Tha Sports Junkies 101

Player Interview: ILB Logan Schultz

Logan Schultz football Logan Schultz


Player Interview: ILB Logan Schultz

Logan Schultz is a collegiate football player from Northwood University in Saginaw, Michigan, and he believes he has what it takes to play professional football. So, he has begun taking the necessary measures to allow his talent to be seen by pro scouts.

If you were to take a survey and ask people what their dream job would be, I would bet that a lot of people would say being a professional athlete is a pretty good gig.  The problem is, playing professional sports at any level is extremely difficult.  However, even if you are physically capable, the road to the top can be extremely difficult.

The Workout

Schultz’s numbers would suggest that he, unlike most, has a pretty strong case for the pros.  Schultz attended the March 4th NFL Regional Combine in Eden Prairie, Minnesota, where he worked out as an Inside Linebacker.  During his time at Northwood, Schultz was a member of the defensive line, but like NFL personnel, I believe that his combination of size and athleticism is best-suited at linebacker.

As previously mentioned, hiw work out numbers were impressive:

40 yard dash: 4.55 seconds

Shuttle: 4.11 seconds

Broad Jump: 10′ 4”

Vertical Jump: 35″

Schultz’s agent, Brad Berkowitz went on to say that the linebackers numbers were “outstanding and would put him at the top of the list, had he participated in the NFL Combine in Indy in several categories.”  Berkowitz wasn’t lying.

Schultz’s 40 yard dash time would place him behind only Jabrill Peppers (Michigan, 4.66s).  His 20 yard shuttle time would have been best-in-class, and both his vertical and broad jumps would have been very competitive with college football’s top talent.  Athleticism is not the question.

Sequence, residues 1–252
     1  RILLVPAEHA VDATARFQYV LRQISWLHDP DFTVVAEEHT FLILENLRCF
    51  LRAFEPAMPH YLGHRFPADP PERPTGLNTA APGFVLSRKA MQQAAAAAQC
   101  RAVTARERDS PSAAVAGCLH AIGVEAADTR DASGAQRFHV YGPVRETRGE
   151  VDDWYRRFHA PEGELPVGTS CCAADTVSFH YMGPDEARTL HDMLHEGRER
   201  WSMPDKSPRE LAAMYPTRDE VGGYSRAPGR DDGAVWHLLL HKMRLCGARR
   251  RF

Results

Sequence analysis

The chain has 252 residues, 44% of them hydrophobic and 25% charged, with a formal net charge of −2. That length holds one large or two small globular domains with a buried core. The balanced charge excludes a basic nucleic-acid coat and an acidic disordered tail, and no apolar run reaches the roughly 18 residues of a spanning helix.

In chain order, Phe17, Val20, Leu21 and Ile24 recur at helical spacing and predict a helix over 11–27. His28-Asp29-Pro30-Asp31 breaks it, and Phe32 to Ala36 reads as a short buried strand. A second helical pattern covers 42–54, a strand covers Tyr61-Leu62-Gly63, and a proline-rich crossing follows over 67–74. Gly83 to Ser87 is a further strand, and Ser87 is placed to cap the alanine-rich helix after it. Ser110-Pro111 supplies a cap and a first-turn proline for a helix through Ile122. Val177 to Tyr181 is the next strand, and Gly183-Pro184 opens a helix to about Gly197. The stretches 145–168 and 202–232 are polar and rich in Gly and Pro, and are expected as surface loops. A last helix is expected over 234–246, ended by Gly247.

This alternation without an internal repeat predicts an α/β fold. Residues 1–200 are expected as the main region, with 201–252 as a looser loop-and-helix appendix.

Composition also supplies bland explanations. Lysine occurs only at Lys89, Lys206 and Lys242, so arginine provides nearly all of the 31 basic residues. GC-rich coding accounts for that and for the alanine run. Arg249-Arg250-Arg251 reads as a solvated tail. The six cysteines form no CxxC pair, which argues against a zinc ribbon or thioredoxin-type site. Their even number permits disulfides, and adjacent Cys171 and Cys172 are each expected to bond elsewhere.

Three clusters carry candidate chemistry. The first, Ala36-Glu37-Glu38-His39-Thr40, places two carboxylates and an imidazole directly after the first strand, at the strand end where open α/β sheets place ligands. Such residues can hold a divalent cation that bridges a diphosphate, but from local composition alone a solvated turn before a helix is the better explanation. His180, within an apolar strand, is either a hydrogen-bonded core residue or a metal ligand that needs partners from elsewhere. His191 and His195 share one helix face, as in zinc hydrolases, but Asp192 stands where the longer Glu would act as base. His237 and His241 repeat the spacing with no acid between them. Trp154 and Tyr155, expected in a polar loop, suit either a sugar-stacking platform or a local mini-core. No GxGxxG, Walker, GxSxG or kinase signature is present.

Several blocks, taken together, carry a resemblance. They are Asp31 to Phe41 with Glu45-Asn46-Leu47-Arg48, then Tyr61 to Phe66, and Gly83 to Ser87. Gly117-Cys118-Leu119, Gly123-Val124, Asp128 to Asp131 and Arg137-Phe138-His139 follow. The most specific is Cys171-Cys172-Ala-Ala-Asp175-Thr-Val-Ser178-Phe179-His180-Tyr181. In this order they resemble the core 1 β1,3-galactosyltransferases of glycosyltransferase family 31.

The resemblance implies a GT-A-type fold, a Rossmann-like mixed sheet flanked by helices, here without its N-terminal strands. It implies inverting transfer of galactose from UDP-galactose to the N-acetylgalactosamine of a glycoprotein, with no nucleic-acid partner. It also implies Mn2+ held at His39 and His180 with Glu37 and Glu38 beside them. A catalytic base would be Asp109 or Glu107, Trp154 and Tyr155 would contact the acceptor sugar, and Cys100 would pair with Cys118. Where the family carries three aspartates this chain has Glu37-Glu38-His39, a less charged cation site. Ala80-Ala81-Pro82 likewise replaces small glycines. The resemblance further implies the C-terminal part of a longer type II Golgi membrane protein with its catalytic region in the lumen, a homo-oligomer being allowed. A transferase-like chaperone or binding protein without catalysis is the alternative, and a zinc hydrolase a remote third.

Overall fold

When I had the opportunity to talk with Logan, I asked him about what aspects of his game he wanted to work on to maximize his athletic ability on the football field.

The biggest thing I’ve been focusing on recently is footwork speed and balance, and running through drill defensive back drills.  The mindset behind it is if I can mimic the movement of the fastest players in the game but have the size and strength of a linebacker, I should be in extremely good shape.


The Great Lakes Intercollegiate Athletic Conference (GLIAC) has had a lot of success in the NFL.  Brandon Carr, Jared Veldheer, and Chris Ivory are some of the more well-known players to come out of Division II conference.

The GLIAC players have been hard workers and tough physical players, which translates well to the NFL game. So a player like Schultz, who enjoys playing a physical game both on defense and special teams should fit that mold.

The Grind

To join that group, Schultz will have to work extremely hard, just as they did.  He says he has no plans to slow down, and will continue to workout and improve his game.

I still have plans to continue with my workout schedule.  I’m going to work as hard as I can, and not sweat the things that are out of my control.

While some things may be out of his control, his workout is not, and that is one of Schultz’s finest traits.

As a walk on, Schultz began his collegiate career at 199 pounds. Coaches were quick to say he would have difficulty finding the field at that size, so he knew he had to improve.  The workout numbers alone should show the improvements he has made over the course of his time at Northwood.  His workouts caught the eyes of NFL scouts in Minnesota, who praised his ability to move and play a smooth game.